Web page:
30 years of blazingly discrete music.
Daryl Easlea 2009
Archive From 1959: The Billy Childish Story goes some way to making a labyrinthine lo-fi career clear. With contributions from at least 11 of the outfits Childish has been involved with, it guides you through 30 years of blazingly discrete music.
Billy Childish: a man who would purposely change musicians if they were too competent. If you like musical complexity, this is simply not for you. Eschewing the ornate, there is not a single unnecessary trimming on this album. It's a palate cleanser and no mistake; the fourth chord, if it is there, comes often as a great release.
There are 51 examples of his craft. The rush of the Buff Medways' Troubled Mind; the outstanding rock 'n' roll pathos of the MBEs' He's Making A Tape from 2008's Thatcher's Children. The aggressive simplicity of the Milkshakes' For She. Davy Crockett by Thee Headcoatees is the best record that you've never heard, a deceptively straightforward pop splash, which could be slipped into a party after Louie Louie and everyone would go berserk. Of course it's all a bit 1977, and that's just it. The quality of thought takes it far from being stuck in a rut, and the strength of belief blocks it from being an intellectual exercise in parody. And it frequently makes you laugh out loud and reconnect with the primal daftness of pop.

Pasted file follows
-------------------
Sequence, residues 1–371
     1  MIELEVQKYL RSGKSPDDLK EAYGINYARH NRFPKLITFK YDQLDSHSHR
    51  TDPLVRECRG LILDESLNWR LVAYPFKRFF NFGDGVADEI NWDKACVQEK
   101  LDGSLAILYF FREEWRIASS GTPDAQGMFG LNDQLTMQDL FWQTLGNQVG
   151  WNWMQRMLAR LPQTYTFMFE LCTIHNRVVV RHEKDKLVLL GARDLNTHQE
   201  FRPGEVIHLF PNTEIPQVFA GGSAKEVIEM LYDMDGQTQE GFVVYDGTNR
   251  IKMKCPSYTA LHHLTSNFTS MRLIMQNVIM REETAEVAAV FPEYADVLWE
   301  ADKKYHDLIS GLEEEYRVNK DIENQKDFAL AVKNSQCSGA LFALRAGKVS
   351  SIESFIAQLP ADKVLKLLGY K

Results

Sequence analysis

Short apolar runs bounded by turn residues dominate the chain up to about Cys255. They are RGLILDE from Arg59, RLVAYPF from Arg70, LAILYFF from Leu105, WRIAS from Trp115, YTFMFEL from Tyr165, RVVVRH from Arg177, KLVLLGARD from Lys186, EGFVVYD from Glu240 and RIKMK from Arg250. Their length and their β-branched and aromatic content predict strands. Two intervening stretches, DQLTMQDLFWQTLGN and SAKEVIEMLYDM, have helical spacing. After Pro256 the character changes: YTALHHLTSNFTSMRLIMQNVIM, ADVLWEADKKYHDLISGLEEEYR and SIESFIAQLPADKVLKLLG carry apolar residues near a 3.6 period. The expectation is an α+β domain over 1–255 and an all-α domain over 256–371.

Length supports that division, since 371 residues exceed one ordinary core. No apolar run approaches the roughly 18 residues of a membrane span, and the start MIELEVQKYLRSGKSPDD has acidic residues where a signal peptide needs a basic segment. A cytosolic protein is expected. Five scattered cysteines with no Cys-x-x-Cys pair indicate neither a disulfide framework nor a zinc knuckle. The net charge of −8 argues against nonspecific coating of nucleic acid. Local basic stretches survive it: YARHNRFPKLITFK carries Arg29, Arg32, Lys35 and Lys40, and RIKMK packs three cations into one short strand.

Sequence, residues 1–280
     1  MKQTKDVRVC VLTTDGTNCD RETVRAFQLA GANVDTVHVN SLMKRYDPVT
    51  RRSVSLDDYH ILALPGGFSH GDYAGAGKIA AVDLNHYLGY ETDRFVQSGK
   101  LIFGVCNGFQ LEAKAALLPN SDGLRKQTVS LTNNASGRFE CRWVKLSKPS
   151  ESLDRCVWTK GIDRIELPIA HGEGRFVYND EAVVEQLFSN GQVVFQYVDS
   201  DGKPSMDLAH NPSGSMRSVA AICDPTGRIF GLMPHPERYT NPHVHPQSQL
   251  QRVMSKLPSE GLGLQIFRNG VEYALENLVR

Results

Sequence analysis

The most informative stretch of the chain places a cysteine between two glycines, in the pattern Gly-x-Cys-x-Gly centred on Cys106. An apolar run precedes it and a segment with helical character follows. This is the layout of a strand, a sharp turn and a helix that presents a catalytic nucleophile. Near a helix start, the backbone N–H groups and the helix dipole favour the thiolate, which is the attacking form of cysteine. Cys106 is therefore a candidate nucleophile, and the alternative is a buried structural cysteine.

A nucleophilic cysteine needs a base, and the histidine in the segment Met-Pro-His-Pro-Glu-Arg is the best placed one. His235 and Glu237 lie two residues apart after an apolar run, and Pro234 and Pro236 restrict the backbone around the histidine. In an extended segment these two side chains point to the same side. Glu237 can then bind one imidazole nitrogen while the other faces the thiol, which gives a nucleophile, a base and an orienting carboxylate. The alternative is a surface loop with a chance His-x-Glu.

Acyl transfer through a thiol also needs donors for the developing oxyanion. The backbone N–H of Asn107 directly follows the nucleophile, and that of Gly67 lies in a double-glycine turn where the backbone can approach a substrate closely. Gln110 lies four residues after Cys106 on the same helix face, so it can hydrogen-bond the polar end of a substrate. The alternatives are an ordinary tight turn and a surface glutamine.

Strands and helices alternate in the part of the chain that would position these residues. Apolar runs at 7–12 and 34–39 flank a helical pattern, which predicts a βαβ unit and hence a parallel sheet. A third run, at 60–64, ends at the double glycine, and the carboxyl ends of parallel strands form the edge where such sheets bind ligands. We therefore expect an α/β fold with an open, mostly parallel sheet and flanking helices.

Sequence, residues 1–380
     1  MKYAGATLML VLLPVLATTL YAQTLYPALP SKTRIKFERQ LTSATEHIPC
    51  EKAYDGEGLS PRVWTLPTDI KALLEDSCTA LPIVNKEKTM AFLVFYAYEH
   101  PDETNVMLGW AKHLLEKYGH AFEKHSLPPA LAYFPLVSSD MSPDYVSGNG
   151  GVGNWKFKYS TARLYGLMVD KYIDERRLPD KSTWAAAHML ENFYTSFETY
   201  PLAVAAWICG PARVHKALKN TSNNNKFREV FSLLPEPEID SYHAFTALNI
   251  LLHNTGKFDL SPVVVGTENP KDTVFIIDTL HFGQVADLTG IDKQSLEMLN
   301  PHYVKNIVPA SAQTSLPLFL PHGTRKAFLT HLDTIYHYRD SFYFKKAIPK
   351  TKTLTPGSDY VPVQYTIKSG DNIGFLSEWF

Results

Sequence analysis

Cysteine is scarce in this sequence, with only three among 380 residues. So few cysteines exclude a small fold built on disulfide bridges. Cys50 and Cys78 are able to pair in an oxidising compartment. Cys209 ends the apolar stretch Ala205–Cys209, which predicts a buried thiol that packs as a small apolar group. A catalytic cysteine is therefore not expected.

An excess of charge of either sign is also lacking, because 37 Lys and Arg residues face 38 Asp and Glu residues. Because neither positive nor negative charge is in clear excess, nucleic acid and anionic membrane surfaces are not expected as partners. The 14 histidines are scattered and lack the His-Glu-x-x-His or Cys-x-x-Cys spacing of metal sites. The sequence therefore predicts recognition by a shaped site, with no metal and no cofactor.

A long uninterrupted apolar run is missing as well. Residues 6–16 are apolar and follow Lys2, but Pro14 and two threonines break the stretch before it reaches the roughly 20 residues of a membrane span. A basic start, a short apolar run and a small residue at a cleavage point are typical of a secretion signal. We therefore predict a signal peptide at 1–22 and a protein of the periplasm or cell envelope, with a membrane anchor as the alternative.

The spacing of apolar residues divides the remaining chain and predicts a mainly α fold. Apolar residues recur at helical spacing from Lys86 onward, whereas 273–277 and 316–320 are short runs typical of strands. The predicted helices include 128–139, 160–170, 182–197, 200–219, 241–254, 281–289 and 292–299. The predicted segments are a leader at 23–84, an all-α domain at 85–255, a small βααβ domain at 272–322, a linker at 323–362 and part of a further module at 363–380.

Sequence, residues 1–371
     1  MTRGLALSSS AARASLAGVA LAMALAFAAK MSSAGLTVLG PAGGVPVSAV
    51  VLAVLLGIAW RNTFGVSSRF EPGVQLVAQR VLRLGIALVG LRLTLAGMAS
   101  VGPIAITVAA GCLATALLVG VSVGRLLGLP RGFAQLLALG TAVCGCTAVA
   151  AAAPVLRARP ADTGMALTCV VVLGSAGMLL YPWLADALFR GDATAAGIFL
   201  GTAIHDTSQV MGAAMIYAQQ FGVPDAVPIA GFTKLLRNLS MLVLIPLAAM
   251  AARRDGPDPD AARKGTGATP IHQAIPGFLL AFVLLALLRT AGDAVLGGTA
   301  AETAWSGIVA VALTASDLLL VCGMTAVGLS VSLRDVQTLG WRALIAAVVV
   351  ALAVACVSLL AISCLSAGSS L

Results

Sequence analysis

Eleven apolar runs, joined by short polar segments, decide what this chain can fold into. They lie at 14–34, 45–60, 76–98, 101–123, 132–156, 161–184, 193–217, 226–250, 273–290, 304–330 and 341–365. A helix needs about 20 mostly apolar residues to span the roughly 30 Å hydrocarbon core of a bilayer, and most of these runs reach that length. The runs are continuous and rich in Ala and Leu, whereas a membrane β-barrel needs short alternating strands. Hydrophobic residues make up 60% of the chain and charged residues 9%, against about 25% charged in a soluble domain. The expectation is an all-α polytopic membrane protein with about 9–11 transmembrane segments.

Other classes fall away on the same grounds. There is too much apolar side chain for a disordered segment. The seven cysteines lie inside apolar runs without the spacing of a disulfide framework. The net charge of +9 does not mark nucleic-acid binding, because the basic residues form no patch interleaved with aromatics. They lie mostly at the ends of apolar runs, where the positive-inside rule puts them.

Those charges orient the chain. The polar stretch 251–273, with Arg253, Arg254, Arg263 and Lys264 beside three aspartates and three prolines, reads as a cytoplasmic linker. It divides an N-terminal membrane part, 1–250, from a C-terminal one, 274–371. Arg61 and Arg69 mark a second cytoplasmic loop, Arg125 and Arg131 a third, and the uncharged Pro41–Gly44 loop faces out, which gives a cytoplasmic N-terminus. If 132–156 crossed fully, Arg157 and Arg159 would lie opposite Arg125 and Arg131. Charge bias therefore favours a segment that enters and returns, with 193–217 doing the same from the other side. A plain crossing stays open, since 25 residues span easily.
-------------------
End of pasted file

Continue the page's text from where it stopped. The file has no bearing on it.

As an introduction to an artist who has simply made too many records, it is indispensable. It reminds you of the 2004 Fall Compilation 50,000 Fall Fans Can't Be Wrong: 39 Golden Greats, in that it pins the tail on a very inscrutable pop donkey. Compilation of 2009, we'd wager.